At a time when the pandemic has slowed down business travel, Bruce Rohr, vice president and global brand leader, JW Marriott, says the “work from anywhere” flexibility has helped the brand grow as it was quick to recognize travelers’ increased focus on wholistic wellness and the need to travel as a family.
“Family travel has always been an integral part of the JW Marriott experience, particularly at our resort destinations,” Rohr told HOTELS last month. “Family by JW programming, which includes multi-generational activities and adventures as well as our new Family Suites, are inspired by the legacy of our founder J. Willard who always made time for family.”
With a significant presence across the Asia Pacific, the JW Marriott brand is growing in other markets and Rohr sees potential in expanding further into markets like the Middle East and Europe. It also has properties set to open across the world in Berlin, Germany; Istanbul, Turkey; Guadalajara, Mexico, Xian, China; Bengaluru, India; and Jeju in South Korea.
In conversation with HOTELS, Rohr spoke about achieving the milestone of opening the brand’s 100th property, continuing the legacy of J. Willard Marriott and redefining wellness in a post-pandemic world.
HOTELS: The pandemic has changed the way people travel and gather for social and business meetings. In such a scenario, how has JW Marriott been adapting and how will its ongoing development projects adapt?
Bruce Rohr: We are fortunate that most of our JW Marriott properties have ample space for social distancing. Whether for an outdoor wedding at the Whisper Creek Farm at JW Orlando, Grande Lakes, or a shareholder meeting in the ballroom of JW Marriott Shanghai Fengxian, our hotels have been able to safely cater to travelers’ needs over the past two years. Many of our hotels had to get creative like JW Marriott Los Angeles L.A. LIVE, which created private dining greenhouses on their expansive patio. They’ve proven to be so popular that the hotel may make them a permanent fixture.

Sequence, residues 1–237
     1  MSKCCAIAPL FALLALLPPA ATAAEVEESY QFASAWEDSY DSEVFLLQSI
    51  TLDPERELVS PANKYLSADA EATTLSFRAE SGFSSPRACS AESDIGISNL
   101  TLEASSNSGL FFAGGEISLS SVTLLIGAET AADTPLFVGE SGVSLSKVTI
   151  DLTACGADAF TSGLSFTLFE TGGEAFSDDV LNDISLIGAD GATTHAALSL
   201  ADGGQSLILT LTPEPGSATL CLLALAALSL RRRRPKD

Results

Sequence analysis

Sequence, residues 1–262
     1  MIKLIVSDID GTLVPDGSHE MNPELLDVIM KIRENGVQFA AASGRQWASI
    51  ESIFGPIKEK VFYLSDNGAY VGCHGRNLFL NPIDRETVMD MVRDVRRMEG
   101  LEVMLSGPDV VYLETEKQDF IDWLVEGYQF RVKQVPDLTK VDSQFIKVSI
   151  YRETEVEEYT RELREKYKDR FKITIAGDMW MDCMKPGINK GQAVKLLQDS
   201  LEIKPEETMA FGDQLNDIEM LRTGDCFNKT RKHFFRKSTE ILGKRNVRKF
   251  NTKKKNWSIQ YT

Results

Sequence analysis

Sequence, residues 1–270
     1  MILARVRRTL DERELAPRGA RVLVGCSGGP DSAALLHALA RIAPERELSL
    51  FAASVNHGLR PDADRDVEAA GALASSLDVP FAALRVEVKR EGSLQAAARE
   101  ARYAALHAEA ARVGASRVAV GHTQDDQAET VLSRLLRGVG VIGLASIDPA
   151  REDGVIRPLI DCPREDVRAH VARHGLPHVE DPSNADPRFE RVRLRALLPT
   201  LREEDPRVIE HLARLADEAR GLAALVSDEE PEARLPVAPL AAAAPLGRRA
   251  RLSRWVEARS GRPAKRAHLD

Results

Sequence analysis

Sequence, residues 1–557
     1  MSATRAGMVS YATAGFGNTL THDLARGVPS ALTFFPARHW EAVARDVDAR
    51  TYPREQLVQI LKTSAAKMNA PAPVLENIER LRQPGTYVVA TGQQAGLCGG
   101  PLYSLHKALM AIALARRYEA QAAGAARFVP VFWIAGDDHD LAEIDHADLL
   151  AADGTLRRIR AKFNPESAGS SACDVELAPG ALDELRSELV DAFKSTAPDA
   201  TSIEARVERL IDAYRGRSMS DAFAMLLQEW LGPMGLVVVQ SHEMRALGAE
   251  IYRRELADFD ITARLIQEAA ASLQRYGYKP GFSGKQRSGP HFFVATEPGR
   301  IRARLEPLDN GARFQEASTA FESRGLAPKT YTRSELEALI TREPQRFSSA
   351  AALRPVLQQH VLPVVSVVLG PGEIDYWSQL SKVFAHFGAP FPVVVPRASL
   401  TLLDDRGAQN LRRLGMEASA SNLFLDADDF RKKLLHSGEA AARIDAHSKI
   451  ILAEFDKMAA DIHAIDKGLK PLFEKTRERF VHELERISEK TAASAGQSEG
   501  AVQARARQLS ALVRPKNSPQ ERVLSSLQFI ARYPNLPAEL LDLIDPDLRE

Fortunately, JW Marriott’s design playbook is guided by our ‘Whole You’ philosophy. As a result, many of our hotels have a JW Garden where guests are invited to take a breath in a sanctuary that reminds us of the beauty of the natural world. With wellness becoming more important to all travelers, we will see breakout sessions in our gardens and other outdoor spaces. In addition, we will continue to develop our meeting spaces with the latest technologies to ensure remote participants are as dialed-in as their gathered counterparts. The world has changed and we’re changing along with it.
H: How has the brand been performing as the industry rebounds, and where has it seen strength and continued weakness? And how are you addressing weaknesses?